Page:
Apparently we were just kidding ourselves and the Internet really isn't going to send us to some digital TV Shangri-La, where all the content is free of charge, available at our fingertips, and stripped of commercial breaks.
All the signs coming out of Web TV over the past year or more tell us that the TV networks are done with their experiment with ad-supported online distribution and super low-cost content. The returns that these companies were collecting from Hulu just weren't attractive enough for them to brush off cable companies and other distribution partners.
Fox announced yesterday that it will no longer offer TV shows the day after they appear on broadcast TV to the free version of Hulu. Users of that service must wait eight days to access that content. To acquire next-day viewing, you must subscribe to Hulu's paid-subscription service or those cable and satellite companies that contract with Fox. So far Dish Network is the only company to have signed on.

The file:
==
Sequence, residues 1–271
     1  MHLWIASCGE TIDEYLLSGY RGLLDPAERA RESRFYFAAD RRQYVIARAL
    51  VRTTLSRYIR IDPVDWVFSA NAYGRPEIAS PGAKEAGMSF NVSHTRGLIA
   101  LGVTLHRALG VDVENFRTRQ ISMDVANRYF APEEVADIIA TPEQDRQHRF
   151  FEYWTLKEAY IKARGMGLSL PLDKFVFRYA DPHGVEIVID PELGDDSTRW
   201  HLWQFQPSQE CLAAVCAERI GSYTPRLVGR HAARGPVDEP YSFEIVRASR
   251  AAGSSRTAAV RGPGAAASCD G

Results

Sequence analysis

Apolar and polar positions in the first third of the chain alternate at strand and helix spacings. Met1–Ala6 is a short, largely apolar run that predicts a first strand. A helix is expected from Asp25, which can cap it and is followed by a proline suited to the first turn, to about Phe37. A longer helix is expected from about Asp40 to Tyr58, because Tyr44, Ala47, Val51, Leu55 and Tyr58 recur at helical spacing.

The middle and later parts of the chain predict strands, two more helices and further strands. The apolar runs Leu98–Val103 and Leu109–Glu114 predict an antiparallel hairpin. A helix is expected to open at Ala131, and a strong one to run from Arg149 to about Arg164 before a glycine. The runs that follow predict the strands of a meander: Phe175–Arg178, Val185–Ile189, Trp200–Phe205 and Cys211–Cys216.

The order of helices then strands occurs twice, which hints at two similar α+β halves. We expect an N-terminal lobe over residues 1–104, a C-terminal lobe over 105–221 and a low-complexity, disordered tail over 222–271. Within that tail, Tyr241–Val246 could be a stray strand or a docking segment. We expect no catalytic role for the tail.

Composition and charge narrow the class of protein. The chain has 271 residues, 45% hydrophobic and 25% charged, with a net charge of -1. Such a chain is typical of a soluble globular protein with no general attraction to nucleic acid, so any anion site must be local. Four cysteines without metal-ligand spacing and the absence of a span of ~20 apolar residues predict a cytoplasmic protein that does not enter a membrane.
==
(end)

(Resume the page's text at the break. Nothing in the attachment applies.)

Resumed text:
The move didn't surprise Dan Rayburn, who has been involved with streaming media in some form or another for 15 years and now, as principal analyst at research firm Frost & Sullivan, covers the online video sector. He says he understands that people wish hit movies and TV shows and films were freely available online. But the self-described pragmatist says that just isn't going to happen.
Rayburn spoke with CNET tonight about the quickly shifting landscape in video distribution:
Question: Have we've seen the end of free Web TV ?
Rayburn: Was it ever really here? Somehow the idea got out that consumers will have access to any type of content they want on any device. That's not going to be the reality. The reality is that we're always going to have some kind of pay wall and we're going to have authentication methods that keep us from being able to get a lot of different types of content unless you're a certain subscriber.